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HONDATA RELEASES full tuning!!

20827 Views 303 Replies 95 Participants Last post by  tuner student
get ready all you turbo and supercharger peoples.. we now have an answer to our dreams.

http://www.8thcivic.com/forums/bolt-ons-all-motor/155575-what-we-have-been-waiting.html#post5448114

edit: link fixed.. moderators had merged 2 threads.
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I'm going to be selling my TSI kit when i get back from the desert and piece together a sweet custom build. Its about time we had something for our Si's.
You should see what kind of power you can make with what you have first with the FlashPro. You'll be surprised the power you'll make with a real tuning device. I predicting at least 300whp for you with what you have. I'm just gonna upgrade to the Full-Race GReddy turbo and tune with FlashPro on my GReddy kit. I should make close to 400whp with just that. I can't wait!!
You should see what kind of power you can make with what you have first with the FlashPro. You'll be surprised the power you'll make with a real tuning device. I predicting at least 300whp for you with what you have. I'm just gonna upgrade to the Full-Race GReddy turbo and tune with FlashPro on my GReddy kit. I should make close to 400whp with just that. I can't wait!!
i actuall began talks with a shop around my way for a custom kit a day or 2 before this was annouced....looks like tuning is gonna be easier for me now
I contacted a tuner in my area and he said it will be 550 bucks for a street tune using the hondata flashpro.......please explain to me what a street tune is!

So all together im looking at 1345 bucks for everything less shipping and a nitrous fill.

Lots of cash!!
I contacted a tuner in my area and he said it will be 550 bucks for a street tune using the hondata flashpro.......please explain to me what a street tune is!

So all together im looking at 1345 bucks for everything less shipping and a nitrous fill.

Lots of cash!!
street tune is basically they drive you car on the street and make the changes instead of on the Dyno
They usually do a street tune AND a dyno tune. Gotta get those AFR's right, and the part throttle tuning too. Took my tuner like 30 dyno pulls and 2 days of street tuning to get my car setup just right. Not really looking forward to paying another $600 for another tune once I get my new setup...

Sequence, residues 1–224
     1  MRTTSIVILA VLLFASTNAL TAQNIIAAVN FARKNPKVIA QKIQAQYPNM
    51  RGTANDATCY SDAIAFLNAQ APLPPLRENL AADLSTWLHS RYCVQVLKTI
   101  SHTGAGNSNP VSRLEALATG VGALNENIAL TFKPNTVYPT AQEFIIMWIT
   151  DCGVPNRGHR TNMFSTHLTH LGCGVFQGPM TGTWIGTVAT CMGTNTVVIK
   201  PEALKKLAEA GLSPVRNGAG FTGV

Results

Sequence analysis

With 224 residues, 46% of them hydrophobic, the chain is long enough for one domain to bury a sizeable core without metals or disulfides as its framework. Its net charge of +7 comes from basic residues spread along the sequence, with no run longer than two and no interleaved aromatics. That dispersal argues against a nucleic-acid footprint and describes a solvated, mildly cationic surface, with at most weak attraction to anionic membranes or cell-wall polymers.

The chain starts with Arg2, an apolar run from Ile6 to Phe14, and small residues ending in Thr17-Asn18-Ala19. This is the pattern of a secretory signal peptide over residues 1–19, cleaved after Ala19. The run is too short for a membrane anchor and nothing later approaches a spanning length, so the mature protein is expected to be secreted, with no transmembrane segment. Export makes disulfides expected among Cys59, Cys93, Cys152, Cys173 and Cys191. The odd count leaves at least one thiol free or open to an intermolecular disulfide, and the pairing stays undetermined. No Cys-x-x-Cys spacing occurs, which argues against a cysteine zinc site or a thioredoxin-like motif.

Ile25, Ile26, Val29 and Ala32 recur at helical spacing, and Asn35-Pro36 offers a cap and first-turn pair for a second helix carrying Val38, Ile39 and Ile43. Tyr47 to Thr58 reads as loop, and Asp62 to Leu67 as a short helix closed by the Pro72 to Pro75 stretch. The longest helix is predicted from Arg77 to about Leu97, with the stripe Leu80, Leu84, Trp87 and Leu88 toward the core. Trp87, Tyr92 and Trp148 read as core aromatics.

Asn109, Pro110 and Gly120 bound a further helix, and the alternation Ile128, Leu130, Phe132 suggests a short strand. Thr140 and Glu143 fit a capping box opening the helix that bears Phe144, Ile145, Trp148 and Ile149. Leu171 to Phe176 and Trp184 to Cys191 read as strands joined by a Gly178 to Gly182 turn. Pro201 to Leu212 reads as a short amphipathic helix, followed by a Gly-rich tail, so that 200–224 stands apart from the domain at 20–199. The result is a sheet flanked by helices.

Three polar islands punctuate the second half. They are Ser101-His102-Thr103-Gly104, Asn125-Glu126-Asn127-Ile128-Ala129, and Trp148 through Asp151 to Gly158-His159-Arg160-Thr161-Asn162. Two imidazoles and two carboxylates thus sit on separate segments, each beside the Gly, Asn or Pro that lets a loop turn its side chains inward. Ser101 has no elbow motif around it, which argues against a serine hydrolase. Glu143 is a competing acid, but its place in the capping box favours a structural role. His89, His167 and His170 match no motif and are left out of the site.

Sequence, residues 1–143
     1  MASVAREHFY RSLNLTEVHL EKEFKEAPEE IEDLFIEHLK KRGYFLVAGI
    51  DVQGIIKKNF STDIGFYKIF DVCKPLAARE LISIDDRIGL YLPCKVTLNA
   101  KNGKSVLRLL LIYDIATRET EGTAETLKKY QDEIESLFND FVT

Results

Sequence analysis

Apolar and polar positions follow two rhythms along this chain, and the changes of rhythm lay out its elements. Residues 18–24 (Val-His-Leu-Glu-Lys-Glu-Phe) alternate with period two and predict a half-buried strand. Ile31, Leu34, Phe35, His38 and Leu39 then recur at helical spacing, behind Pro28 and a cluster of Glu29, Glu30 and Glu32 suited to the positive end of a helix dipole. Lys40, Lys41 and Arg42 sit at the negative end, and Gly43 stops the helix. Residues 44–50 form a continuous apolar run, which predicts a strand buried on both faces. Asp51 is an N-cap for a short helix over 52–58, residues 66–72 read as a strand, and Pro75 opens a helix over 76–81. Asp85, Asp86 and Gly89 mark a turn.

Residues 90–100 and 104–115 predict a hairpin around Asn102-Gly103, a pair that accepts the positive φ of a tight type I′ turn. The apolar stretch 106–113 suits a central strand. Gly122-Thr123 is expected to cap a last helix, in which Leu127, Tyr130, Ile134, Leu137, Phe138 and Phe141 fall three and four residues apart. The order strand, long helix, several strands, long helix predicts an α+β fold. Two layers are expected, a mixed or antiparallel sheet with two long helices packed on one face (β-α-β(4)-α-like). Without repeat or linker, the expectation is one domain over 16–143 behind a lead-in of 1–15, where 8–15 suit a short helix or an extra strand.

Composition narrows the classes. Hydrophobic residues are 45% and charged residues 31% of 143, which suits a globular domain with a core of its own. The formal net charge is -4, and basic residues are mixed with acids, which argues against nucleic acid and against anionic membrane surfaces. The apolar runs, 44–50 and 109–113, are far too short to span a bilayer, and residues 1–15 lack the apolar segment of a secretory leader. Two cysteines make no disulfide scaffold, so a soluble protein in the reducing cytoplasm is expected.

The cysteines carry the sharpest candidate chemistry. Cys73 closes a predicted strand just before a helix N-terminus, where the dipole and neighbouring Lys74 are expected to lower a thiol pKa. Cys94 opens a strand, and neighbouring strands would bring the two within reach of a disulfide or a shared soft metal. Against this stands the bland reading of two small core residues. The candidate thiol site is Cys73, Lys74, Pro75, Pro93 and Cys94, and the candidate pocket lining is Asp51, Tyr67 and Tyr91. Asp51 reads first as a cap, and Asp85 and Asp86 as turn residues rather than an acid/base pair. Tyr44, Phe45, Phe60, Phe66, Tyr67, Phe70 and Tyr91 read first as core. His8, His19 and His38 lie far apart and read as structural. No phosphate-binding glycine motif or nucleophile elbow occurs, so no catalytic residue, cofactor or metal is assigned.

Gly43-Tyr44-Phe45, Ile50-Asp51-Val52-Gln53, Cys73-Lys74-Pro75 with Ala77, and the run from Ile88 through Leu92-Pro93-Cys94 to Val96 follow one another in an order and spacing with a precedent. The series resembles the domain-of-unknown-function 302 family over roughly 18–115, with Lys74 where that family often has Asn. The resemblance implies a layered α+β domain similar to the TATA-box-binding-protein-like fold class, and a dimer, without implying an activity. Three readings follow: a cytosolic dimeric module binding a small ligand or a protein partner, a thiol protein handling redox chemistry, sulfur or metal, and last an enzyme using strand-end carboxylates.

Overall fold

They usually do a street tune AND a dyno tune. Gotta get those AFR's right, and the part throttle tuning too. Took my tuner like 30 dyno pulls and 2 days of street tuning to get my car setup just right. Not really looking forward to paying another $600 for another tune once I get my new setup...
why can't they just tune for different speeds/rpms while on the dyno?
its not like you have to go from idle to redline with every pull. you can just do partial pulls and leave it at a certain mph or only do a certain rev range for midrange tunning.

dynapack + good tunner ftw.
street tune ftl.

church chargers 375 flat rate for kpro tunning. i'm sure it will be around the same for flashpro.. those of you paying over 500.. lol your getting ripped off.
the street tune is good for checking real world engine load. being strapped down to the rollers slightly affects how the motor performs as it accelerates.
wow, $375 is a pretty low price! As for the street tune, it makes sense to drive around with the datalogger running, instead of keeping it strapped to the dyno, since the city doesn't charge by the hour to drive on their roads.
the street tune is good for checking real world engine load. being strapped down to the rollers slightly affects how the motor performs as it accelerates.
hm.. same for a dynapack? i figured it wouldn't be enough of a difference to bother with it. (street tunning) that is.
i could be wrong though. never tunned a turbo set up.
On the street, a car is pulling it's own weight. On a dynapack or dynojet or whatever, the load is determined by the dyno. Plus, on the street, you're snapping on and off the throttle, etc.... You can't do that on a dyno.
On the street, a car is pulling it's own weight. On a dynapack or dynojet or whatever, the load is determined by the dyno. Plus, on the street, you're snapping on and off the throttle, etc.... You can't do that on a dyno.